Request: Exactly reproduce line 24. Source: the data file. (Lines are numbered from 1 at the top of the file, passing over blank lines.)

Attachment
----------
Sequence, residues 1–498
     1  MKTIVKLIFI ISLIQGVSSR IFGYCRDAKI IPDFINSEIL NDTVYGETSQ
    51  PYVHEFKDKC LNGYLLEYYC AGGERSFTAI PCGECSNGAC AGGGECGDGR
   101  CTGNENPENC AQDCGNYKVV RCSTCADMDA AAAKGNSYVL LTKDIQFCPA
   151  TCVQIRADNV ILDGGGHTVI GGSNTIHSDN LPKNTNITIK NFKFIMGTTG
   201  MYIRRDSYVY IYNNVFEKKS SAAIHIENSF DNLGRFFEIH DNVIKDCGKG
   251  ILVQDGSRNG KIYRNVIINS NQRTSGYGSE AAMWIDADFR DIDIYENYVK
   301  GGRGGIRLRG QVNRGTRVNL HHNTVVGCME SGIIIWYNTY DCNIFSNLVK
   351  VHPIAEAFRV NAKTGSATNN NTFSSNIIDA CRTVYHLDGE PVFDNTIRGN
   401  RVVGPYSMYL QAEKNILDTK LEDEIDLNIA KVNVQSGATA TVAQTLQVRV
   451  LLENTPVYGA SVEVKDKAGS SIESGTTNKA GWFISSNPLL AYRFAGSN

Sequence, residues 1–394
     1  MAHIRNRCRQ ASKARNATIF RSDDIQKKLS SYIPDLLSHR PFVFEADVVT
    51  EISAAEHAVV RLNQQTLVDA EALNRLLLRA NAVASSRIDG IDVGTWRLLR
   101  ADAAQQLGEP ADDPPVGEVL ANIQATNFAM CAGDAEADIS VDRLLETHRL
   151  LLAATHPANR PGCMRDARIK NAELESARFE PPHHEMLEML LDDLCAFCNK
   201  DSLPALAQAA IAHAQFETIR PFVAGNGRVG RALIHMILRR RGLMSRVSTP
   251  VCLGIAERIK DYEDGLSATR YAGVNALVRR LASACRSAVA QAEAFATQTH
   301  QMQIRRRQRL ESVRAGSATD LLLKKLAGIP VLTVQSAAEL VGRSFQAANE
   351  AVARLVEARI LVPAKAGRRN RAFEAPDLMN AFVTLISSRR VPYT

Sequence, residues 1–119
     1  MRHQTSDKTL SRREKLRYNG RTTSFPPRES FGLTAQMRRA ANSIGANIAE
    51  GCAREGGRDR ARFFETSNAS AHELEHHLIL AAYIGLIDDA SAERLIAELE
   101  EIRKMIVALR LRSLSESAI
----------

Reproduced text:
   101  EIRKMIVALR LRSLSESAI